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2018 
An energetic electron flux dropout due to magnetopause shadowing on 1 June 2013 We examine the mechanisms responsible for the dropout of energetic electron flux during 31 May \textendash 1 June 2013, using Van Allen Probe (RBSP) electron flux data and simulations with the Comprehensive Inner MagnetosphereIonosphere (CIMI) model. During storm main phase, Lshells at RBSP locations are greater than ~ 8, which are connected to open drift shells. Consequently, diminished electron fluxes were observed over a wide range of energies. The combination of drift shell splitting, magnetopause shadowing and drift loss all result in butterfly electron pitchangle distributions (PADs) at the nightside. During storm sudden commencement, RBSP observations display electron butterfly PADs over a wide range of energies. However, it is difficult to determine whether there are butterfly PADs during storm main phase since the maximum observable equatorial pitchangle from RBSP is not larger than ~ 40\textdegree during this period. To investigate the causes of the dropout, the CIMI model is used as a global 4D kinetic inner magnetosphere model. The CIMI model reproduces the dropout with very similar timing and flux levels and PADs along the RBSP trajectory for 593 keV. Furthermore, the CIMI simulation shows butterfly PADs for 593 keV during storm main phase. Based on comparison of observations and simulations, we suggest that the dropout during this event mainly results from magnetopause shadowing. Bin Kang, Suk; Fok, MeiChing; Komar, Colin; Glocer, Alex; Li, Wen; Buzulukova, Natalia; Published by: Journal of Geophysical Research: Space Physics Published on: 01/2018 YEAR: 2018 DOI: 10.1002/2017JA024879 CIMI model; drift loss; dropout; magnetopause shadowing; pitchangle distribution (PAD); RBSP; Van Allen Probes 
2017 
CIMI simulations with newly developed multiparameter chorus and plasmaspheric hiss wave models Numerical simulation studies of the Earth\textquoterights radiation belts are important to understand the acceleration and loss of energetic electrons. The Comprehensive Inner MagnetosphereIonosphere (CIMI) model considers the effects of the ring current and plasmasphere on the radiation belts to obtain plausible results. The CIMI model incorporates pitch angle, energy, and cross diffusion of electrons, due to chorus and plasmaspheric hiss waves. These parameters are calculated using statistical wave distribution models of chorus and plasmaspheric hiss amplitudes. However, currently these wave distribution models are based only on a single parameter, geomagnetic index (AE), and could potentially underestimate the wave amplitudes. Here we incorporate recently developed multiparameter chorus and plasmaspheric hiss wave models based on geomagnetic index and solar wind parameters. We then perform CIMI simulations for two geomagnetic storms and compare the flux enhancement of MeV electrons with data from the Van Allen Probes and Akebono satellites. We show that the relativistic electron fluxes calculated with multiparameter wave models resembles the observations more accurately than the relativistic electron fluxes calculated with singleparameter wave models. This indicates that wave models based on a combination of geomagnetic index and solar wind parameters are more effective as inputs to radiation belt models. Aryan, Homayon; Sibeck, David; Bin Kang, Suk; Balikhin, Michael; Fok, MeiChing; Agapitov, Oleksiy; Komar, Colin; Kanekal, Shrikanth; Nagai, Tsugunobu; Published by: Journal of Geophysical Research: Space Physics Published on: 08/2017 YEAR: 2017 DOI: 10.1002/2017JA024159 Chorus and plasmaspheric hiss wave models; CIMI numerical simulations; Geomagnetic storm events; Radiation belt electron flux enhancements; Van Allen Probes; VLF waves; Waveparticle interaction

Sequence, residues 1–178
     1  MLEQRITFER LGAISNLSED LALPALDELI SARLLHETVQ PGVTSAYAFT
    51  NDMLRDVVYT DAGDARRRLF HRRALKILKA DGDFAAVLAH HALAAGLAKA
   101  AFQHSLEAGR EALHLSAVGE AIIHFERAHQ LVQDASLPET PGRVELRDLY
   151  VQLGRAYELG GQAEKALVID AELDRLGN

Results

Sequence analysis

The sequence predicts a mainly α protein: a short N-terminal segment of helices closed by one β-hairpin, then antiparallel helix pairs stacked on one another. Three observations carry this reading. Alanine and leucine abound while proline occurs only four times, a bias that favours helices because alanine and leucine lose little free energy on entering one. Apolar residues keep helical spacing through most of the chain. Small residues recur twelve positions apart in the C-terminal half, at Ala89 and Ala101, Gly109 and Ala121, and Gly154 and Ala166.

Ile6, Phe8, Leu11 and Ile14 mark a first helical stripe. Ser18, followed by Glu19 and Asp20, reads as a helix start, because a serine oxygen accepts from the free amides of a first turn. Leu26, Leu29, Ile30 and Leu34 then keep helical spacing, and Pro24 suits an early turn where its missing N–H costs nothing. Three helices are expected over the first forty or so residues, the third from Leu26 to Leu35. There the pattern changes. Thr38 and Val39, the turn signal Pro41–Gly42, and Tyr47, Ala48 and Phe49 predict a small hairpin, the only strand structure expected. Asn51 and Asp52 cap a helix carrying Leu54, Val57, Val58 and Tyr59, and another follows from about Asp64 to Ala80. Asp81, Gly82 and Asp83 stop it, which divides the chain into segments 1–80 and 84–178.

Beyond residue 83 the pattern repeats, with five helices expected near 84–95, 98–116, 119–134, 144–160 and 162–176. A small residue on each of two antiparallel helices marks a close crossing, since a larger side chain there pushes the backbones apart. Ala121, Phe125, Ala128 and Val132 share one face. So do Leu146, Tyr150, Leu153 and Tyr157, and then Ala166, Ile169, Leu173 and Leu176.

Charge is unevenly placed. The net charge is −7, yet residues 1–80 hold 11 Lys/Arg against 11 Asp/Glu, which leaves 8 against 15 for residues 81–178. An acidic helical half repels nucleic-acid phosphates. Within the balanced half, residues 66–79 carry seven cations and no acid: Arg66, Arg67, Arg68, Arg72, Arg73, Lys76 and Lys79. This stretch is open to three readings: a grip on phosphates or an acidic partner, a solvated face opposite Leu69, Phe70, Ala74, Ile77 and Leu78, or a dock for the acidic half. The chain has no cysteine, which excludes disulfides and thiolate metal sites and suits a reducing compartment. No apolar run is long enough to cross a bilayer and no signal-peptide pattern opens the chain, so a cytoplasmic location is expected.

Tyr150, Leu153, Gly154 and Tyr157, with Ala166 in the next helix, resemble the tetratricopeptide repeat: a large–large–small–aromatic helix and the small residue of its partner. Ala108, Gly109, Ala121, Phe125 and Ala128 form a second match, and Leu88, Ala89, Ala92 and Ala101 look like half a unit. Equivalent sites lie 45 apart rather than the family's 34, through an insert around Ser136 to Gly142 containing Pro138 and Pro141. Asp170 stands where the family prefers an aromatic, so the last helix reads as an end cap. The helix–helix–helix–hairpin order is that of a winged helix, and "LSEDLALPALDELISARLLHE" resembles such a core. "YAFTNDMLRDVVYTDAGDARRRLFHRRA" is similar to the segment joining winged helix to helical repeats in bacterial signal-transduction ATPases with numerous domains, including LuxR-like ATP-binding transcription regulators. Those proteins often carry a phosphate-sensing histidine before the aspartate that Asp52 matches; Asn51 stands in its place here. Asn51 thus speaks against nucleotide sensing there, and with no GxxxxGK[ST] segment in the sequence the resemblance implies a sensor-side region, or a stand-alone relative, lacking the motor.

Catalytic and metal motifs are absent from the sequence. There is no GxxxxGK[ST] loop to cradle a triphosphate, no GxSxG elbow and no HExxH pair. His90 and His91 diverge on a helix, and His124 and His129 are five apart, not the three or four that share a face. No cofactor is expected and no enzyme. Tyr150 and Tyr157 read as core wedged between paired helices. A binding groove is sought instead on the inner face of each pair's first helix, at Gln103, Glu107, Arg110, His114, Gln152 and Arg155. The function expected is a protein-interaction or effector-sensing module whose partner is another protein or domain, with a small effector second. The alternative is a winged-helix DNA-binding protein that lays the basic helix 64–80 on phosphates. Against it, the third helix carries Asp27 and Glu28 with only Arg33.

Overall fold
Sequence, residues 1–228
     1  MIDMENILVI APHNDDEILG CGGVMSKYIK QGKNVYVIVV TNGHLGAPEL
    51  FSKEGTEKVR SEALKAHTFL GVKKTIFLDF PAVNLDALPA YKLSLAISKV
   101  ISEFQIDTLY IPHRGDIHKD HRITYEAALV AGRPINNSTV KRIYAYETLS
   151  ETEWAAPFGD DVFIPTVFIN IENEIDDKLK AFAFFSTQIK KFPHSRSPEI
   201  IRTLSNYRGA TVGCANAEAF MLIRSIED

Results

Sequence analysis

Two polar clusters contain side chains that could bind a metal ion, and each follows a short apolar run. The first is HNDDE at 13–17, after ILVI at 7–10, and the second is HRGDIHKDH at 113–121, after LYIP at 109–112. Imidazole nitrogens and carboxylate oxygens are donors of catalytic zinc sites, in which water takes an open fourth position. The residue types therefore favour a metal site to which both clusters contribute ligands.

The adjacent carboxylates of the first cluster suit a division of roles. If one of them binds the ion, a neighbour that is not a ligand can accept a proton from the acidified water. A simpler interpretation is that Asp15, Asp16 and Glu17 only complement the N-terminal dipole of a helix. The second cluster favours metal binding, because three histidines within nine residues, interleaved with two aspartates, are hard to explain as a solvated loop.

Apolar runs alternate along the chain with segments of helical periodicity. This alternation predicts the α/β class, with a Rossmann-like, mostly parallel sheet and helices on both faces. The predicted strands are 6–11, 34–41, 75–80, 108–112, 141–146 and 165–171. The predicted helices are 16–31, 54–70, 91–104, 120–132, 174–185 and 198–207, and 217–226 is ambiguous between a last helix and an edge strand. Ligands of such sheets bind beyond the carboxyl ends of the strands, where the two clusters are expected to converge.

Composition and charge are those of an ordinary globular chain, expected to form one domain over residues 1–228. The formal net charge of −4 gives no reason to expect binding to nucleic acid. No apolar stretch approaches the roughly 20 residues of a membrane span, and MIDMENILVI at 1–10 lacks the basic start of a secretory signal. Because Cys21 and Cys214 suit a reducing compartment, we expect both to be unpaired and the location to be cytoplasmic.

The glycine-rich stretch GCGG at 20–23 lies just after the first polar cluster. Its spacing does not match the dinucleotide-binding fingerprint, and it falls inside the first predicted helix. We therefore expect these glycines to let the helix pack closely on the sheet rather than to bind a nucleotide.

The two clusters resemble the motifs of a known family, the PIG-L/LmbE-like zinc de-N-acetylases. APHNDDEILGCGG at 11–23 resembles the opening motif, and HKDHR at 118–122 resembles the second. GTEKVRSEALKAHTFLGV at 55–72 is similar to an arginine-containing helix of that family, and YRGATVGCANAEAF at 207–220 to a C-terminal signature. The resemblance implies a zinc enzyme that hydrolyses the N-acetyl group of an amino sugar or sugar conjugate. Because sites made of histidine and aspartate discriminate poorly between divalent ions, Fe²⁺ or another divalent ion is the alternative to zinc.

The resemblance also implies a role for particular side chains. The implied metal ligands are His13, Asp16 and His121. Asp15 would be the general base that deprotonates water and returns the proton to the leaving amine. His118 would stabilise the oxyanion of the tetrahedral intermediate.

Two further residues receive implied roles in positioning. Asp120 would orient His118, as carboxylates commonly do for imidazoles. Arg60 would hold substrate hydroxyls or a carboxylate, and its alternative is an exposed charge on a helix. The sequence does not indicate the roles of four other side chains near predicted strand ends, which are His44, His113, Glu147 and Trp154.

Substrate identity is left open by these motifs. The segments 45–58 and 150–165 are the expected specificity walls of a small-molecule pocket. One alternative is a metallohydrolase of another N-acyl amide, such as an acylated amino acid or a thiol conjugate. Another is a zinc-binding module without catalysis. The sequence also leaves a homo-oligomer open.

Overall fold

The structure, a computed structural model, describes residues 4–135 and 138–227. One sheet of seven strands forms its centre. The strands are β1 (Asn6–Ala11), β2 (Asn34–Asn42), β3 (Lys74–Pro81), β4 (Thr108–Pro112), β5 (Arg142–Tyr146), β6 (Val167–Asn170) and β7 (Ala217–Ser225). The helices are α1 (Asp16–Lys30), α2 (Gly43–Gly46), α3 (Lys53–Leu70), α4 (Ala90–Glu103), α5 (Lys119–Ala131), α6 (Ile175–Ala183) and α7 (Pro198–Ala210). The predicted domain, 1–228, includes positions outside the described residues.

2015 
Electromagnetic ion cyclotron (EMIC) waves are closely related to precipitating loss of relativistic electrons in the radiation belts, and thereby, a model of the radiation belts requires inclusion of the pitch angle diffusion caused by EMIC waves. We estimated the pitch angle diffusion rates and the corresponding precipitation time scales caused by H and He band EMIC waves using the Tsyganenko 04 (T04) magnetic field model at their probable regions in terms of geomagnetic conditions. The results correspond to enhanced pitch angle diffusion rates and reduced precipitation time scales compared to those based on the dipole model, up to several orders of magnitude for storm times. While both the plasma density and the magnetic field strength varied in these calculations, the reduction of the magnetic field strength predicted by the T04 model was found to be the main cause of the enhanced diffusion rates relative to those with the dipole model for the same Li values, where Li is defined from the ionospheric foot points of the field lines. We note that the bounceaveraged diffusion rates were roughly proportional to the inversion of the equatorial magnetic field strength and thus suggest that scaling the diffusion rates with the magnetic field strength provides a good approximation to account for the effect of the realistic field model in the EMIC wavepitch angle diffusion modeling. Bin Kang, Suk; Min, KyoungWook; Fok, MeiChing; Hwang, Junga; Choi, CheongRim; Published by: Journal of Geophysical Research: Space Physics Published on: 10/2015 YEAR: 2015 DOI: 10.1002/2014JA020644 EMIC waves; pitch angle diffusion rate; precipitation time scale; quasilinear theory; realistic field model; Relativistic electron 
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